The Science Channel is running a Cosmos marathon this Sunday. All 13 episodes in one blast. I’m sure most of you have seen most if not all of the episodes. But this marathon promises to add the awesome bonus of injecting bits from Ann Druyan throughout the day. Besides being in a position of public spotlight just from her relationship with Carl Sagan, she is a successful science writer and popularist herself.
For the event The Science Channel gave her a brief interview. In it she talks about working on Cosmos, the legacy Carl left with her, science within the political landscape, and her project Solar Sailing. She also had this quote:
“Cosmos is about scientific tradition that began around the campfire. I think it is a tragedy that science is not taught that way. I know brilliant kids who hate science. The way I would want it to be taught would begin in preschool, when these beautiful little minds would hear, “Shhh — it’s time for you to become members of a generation of searchers.” And it would be a story of searching for who we are and what we are.” — Ann Druyan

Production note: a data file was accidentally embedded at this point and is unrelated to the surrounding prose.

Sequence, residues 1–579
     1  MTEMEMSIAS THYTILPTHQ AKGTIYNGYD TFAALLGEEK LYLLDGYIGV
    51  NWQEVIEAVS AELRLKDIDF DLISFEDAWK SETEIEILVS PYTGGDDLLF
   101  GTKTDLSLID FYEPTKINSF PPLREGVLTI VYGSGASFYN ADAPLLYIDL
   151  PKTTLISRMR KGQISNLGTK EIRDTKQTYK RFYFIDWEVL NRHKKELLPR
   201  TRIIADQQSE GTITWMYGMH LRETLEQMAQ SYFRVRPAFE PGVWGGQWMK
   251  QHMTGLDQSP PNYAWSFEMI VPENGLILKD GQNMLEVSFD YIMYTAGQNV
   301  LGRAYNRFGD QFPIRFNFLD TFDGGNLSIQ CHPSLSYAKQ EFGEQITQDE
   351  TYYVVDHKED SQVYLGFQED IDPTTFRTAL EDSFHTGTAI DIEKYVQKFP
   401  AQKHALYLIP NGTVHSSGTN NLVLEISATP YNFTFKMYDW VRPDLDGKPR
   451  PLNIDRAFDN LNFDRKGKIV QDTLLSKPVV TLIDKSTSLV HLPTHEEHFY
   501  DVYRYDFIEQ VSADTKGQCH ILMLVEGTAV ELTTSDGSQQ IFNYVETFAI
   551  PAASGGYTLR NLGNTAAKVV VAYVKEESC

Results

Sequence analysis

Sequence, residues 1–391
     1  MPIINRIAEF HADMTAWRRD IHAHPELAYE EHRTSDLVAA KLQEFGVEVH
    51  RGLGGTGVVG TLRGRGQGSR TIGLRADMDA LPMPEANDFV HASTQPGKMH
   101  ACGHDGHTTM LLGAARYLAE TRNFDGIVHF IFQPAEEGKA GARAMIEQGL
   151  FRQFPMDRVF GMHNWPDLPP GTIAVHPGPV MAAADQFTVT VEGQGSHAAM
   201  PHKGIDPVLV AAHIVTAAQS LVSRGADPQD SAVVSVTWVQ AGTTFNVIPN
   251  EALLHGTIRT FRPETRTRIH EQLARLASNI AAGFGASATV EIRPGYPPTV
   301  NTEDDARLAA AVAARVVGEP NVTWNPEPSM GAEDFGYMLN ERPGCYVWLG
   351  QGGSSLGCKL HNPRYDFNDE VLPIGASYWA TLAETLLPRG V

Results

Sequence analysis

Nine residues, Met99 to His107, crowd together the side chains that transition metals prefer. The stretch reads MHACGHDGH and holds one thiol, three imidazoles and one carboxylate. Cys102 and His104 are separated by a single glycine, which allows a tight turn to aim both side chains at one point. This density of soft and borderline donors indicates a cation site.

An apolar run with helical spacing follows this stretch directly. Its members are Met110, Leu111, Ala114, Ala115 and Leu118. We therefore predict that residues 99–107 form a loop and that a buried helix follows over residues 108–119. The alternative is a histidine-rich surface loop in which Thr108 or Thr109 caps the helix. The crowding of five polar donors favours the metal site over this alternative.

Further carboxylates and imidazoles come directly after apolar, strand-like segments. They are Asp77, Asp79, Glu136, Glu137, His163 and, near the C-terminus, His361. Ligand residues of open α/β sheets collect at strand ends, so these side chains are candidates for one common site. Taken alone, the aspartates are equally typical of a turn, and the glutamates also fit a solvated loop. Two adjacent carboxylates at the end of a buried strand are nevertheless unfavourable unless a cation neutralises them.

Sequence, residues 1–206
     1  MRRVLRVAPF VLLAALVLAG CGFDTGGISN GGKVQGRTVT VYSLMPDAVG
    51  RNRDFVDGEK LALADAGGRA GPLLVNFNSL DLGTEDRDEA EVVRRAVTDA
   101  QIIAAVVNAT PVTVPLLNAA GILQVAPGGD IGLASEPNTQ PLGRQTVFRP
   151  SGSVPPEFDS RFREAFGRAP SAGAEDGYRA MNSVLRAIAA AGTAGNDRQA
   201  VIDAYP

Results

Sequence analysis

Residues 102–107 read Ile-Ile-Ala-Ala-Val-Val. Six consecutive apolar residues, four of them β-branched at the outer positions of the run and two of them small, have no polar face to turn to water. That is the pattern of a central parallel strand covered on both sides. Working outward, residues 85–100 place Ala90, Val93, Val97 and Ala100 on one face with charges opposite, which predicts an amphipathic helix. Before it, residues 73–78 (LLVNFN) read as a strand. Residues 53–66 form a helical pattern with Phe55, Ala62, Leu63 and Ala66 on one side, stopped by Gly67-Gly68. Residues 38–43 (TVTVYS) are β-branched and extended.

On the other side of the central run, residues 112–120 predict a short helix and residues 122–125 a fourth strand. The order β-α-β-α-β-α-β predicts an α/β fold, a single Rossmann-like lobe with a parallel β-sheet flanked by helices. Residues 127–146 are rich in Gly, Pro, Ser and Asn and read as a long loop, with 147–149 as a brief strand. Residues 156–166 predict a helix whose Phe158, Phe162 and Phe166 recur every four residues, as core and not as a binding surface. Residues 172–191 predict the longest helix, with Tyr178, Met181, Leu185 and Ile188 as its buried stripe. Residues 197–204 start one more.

That’s simply beautiful. You can read the full interview here.
I’m more than a little bothered that I only know of her because of Carl. I love Ann Druyan’s writings and I think she’s brilliant. She has taken every courageous step that he did and pushed skepticism not only upon the general public but even challenged other scientists to embrace verified evidence over personal opinion. She co-wrote many of his articles and books and was talking about evolution at a time when many Americans would view it as some kind of blasphemy with a refreshing candor I admired. [I’ll write more about this someday.] The idea that Carl became a scientific superhero while Ann was viewed as ‘just’ his partner turns my stomach. She is an incredible person in her own right, and I read everything I can find of hers. Still, I am positive I would never have even heard of her but for her connection to Carl, and his connection to the world. I wonder if the role of female scientists has improved in the last 30 years. [And that will be another post someday soon.]
The Cosmos marathon starts at 9am Central time and plays the rest of the day. Try to catch at least one full uninterrupted episode and see how a science show once acted as a candle in the dark to the world.